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The 2015 Digital IQ Index: Sportswear assesses the digital performance of 59 Sportswear brands in the United States, spanning three product categories: Footwear, Apparel and Accessories. While Index brands have benefitted from the significant outperformance of activewear the last three years, this trend has attracted new competition from fashion brands. In response, Sportswear brands have escalated their ad wars by promoting traditional brand marketing at the expense of accelerating digital investments. As a result, Index brands lag other categories in e-commerce sales mix and adoption of omnichannel investments. This study examines enterprise investments, brand visibility across numerous platforms, and digital performance across key metrics.
February 18, 2015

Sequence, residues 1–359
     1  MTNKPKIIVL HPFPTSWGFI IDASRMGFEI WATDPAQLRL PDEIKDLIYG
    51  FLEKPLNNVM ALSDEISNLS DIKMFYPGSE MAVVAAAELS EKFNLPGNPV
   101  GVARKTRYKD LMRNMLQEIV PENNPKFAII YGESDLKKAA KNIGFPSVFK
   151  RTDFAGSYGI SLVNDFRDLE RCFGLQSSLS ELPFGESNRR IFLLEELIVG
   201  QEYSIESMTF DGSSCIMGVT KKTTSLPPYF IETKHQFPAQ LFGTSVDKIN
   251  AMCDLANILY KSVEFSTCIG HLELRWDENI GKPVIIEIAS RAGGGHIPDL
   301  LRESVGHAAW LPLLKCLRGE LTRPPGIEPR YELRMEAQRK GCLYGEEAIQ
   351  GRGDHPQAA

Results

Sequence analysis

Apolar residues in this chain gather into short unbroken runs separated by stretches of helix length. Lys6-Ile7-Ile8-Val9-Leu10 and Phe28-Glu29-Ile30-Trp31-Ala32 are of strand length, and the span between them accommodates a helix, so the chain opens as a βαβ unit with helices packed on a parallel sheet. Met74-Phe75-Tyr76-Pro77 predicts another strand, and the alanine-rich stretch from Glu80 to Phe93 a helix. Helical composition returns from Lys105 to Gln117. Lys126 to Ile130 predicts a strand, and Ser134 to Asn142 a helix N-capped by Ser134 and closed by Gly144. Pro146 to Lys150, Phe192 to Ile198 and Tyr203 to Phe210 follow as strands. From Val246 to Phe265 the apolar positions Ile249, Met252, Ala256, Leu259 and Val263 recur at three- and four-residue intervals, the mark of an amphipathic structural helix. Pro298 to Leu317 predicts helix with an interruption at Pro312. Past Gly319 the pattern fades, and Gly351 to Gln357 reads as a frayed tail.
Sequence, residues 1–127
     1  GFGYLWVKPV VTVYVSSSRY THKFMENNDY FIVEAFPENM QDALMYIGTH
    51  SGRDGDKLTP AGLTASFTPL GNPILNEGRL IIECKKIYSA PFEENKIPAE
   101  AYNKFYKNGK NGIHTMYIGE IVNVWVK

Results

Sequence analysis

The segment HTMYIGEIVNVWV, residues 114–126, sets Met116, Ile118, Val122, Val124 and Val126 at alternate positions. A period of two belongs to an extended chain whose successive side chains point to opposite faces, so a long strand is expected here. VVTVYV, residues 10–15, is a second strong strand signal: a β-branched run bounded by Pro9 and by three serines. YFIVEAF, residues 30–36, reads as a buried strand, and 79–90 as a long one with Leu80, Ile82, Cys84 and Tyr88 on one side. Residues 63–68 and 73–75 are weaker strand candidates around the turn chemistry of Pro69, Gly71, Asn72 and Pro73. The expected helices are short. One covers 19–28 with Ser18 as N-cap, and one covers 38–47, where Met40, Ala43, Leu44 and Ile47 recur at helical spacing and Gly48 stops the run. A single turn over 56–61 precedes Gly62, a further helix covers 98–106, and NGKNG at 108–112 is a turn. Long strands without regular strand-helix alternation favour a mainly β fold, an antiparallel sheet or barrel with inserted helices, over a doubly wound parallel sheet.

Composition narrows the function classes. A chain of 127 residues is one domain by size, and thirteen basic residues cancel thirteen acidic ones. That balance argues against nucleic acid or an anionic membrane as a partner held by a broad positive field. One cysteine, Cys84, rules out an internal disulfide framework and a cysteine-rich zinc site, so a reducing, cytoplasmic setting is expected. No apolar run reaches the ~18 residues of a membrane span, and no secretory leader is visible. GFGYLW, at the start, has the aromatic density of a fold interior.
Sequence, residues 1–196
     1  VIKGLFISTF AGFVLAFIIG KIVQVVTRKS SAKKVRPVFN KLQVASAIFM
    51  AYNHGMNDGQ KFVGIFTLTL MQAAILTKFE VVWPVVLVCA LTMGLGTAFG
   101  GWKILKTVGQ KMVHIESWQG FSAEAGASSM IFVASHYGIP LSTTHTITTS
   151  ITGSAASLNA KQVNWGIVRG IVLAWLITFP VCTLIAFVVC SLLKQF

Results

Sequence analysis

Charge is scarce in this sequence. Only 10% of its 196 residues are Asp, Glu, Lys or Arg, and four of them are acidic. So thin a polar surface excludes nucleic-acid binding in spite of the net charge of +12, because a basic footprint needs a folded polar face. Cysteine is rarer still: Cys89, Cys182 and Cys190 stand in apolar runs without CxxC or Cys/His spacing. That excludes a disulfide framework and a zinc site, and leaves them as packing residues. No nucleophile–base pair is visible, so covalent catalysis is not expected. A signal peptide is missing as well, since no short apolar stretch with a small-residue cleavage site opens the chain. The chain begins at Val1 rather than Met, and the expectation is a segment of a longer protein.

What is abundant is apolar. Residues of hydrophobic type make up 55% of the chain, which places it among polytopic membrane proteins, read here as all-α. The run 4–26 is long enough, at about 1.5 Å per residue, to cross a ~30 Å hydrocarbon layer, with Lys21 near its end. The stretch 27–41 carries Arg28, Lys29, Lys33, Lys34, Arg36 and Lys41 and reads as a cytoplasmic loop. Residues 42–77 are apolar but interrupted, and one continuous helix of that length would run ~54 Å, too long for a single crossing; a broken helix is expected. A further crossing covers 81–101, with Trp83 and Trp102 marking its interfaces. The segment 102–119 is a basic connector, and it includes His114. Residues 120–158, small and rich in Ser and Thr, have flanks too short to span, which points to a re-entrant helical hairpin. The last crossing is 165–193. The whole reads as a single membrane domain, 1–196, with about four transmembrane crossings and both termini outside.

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In 2014, the activewear category was immune from the yearlong slump in U.S. apparel sales, growing a robust +7 percent. As Sportswear brands exert greater influence beyond the gym, the category attracts new players. H&M launched its new Sport collection in January 2014, Uniqlo and Forever 21 have been stepping up their activewear mix, and upscale fashion brand Tory Burch announced an activewear line for 2015. In an effort to defend their turf, Sportswear brands rely on muscle memory and are engaged in an escalating ad war that promote traditional branding at the expense of accelerating digital commerce. In August, Adidas announced it would increase its advertising spend from $1.9B in 2014 to nearly $2.2B in 2015 (or 14% of total revenues), and funnel more dollars to sponsorships of American athletes. Nike is holding its ad budget at 11% of revenues, which at $3B puts them in a league of their own. Meanwhile, prioritization of e-commerce has been mixed. Nike’s sales from e-commerce were up 42 percent in fiscal 2014, to just under $800 million—but this represents only 3 percent of total revenues. Even if the Portland firm meets its target of $2 billion in e-commerce sales by 2017, the market leader will still trail the average ratio of e-commerce to offline sales in broader retail. Last April, Nike announced its exit from the wearable device market, shifting the game from hardware to software development. The abrupt change in strategy signaled brands are no longer competing for accessory sales—but for user acquisition. In February 2015 Under Armour doubled down on its efforts to build the world’s largest digital fitness community announcing acquisition of two mobile fitness app companies for a combined $560m – gaining access to 90 million registered users. This year's Genius circle featured three incumbents. Nike continues as the gold standard for online product customization and mobile training tools. North Face and adidas share second place, delivering sophisticated assisted sales tools and strong social engagement through key partners. LL Bean joins the genius ranks demonstrating sophistication across both search visibility and email marketing. This study attempts to quantify the digital competence of 59 sportswear brands in the U.S. market. The report can be downloaded at: http://www.l2inc.com/research/sportswear-2015?utm_source=youtube&utm_medium=organic&utm_content=sportswear-2015&utm_campaign=youtube View More: http://goo.gl/IIk6LV Signup for updates: http://goo.gl/kVJTQ3 Follow us on LinkedIn: https://www.linkedin.com/company/l2-inc- Follow us on Twitter: https://twitter.com/L2_Digital Follow us on Facebook: https://www.facebook.com/l2inc